On the topic of how successful the Netflix live adaptation of One Piece turned out to be, a Japanese lawyer who had been involved in the project made a public comment stating that the conditions of the contract had a lot to do with the series’ success.
The live adaptation of One Piece by Netflix premiered on August 31, instantly topping charts and earning favorable reviews among fans and critics alike. Admirers of the series heaved a collective sigh of relief at how faithfully the live action adaptation treats the source material, as live action remakes of anime/manga don’t have the brightest of reputations in this respect. Even the author of the original One Piece manga, Eiichiro Oda, had been hesitant to approve the project, lacking faith in the ability of live action adaptations to do manga justice in general.
While some deviations from the original story have been pointed out, the One Piece series as a whole provides a faithful, well put together experience which avoids many of the traps that often plague live action remakes. On the topic of the series’ success, a lawyer involved in the project provided some interesting insight. This was prompted by a remark made by Hiroya Oku, the famous mangaka behind titles such as Gantz and Inuyashiki.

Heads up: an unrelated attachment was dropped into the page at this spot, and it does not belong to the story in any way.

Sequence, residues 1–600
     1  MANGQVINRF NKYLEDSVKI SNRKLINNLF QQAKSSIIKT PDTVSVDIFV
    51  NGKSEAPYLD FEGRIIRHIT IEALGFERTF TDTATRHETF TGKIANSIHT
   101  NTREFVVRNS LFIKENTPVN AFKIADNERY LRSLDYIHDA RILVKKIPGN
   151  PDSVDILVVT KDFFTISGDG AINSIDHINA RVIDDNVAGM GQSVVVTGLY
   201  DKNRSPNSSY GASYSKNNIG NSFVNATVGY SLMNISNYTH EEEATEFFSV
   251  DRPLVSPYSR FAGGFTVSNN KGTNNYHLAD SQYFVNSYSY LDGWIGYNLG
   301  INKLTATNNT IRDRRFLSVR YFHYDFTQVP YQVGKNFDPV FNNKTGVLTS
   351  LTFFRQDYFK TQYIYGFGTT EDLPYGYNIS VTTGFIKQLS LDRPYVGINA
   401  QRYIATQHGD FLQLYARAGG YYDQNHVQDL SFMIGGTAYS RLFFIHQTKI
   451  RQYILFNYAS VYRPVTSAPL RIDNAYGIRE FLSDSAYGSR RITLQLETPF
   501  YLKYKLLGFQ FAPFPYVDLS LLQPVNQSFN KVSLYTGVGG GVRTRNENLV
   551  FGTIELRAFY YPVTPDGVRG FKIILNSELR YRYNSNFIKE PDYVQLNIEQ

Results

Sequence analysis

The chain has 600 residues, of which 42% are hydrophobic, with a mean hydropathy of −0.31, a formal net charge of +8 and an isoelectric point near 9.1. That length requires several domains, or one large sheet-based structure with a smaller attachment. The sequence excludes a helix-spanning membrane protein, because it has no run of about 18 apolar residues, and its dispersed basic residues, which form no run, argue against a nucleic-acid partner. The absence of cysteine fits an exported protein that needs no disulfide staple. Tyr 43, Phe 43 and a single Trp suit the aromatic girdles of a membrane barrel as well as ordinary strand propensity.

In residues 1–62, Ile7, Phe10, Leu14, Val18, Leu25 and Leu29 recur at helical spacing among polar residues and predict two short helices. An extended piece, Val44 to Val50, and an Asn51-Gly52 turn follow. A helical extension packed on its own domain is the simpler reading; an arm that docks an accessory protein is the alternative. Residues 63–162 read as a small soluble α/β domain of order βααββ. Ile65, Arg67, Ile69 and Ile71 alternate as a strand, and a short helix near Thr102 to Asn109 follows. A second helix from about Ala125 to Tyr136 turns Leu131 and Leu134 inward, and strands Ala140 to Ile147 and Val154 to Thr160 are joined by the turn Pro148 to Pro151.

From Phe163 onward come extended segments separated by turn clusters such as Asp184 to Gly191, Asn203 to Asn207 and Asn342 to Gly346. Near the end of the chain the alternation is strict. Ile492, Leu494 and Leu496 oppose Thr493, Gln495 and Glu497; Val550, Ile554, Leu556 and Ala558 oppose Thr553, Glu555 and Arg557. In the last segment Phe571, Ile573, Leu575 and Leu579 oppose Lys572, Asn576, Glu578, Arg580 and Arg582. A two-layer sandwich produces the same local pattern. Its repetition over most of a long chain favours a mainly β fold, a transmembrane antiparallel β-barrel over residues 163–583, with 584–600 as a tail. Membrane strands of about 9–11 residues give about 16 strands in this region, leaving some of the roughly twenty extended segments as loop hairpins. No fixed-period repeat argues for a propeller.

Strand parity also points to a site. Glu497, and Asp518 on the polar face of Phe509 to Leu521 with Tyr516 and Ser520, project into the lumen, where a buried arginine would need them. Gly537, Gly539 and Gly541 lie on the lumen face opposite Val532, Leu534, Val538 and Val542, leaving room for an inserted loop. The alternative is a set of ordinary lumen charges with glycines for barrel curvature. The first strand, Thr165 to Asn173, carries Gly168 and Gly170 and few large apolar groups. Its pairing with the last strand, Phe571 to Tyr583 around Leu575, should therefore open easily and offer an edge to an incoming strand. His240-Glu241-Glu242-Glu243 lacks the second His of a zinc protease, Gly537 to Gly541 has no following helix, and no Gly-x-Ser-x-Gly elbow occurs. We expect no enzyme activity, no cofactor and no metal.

The Gantz author attributes One Piece’s success to the fact that Eiichiro Oda was directly involved in the production, and expresses the hope that this kind of dynamic becomes the standard going forward. It appears that Eiichiro Oda is not alone in being on the fence about his work being misrepresented.
In reaction to this statement, entertainment lawyer Fukui Kensaku, who was involved in the legal side of things for One Piece, mentions that conditions of the contract are a deciding factor in the success of adaptations, underlining that a majority of Hollywood contracts give full liberty to the side making the adaptations and do not allow original authors to challenge them.
Fukui continues to explain that although cooperation with the original creator is important for adaptations, securing a fair legal framework for things by adding conditions related to quality control is of great importance. In this way, authors can be kept up to date with progress and can be given the authority to veto changes they find fundamentally in disagreement with the source material.
Although Fukui refrained from commenting on the actual contract for One Piece, the general remarks he makes give an idea about another factor that might have contributed to this live action adaptation standing out among its less successful predecessors. His words also have a ring of encouragement for future endeavors to try and take similar measures.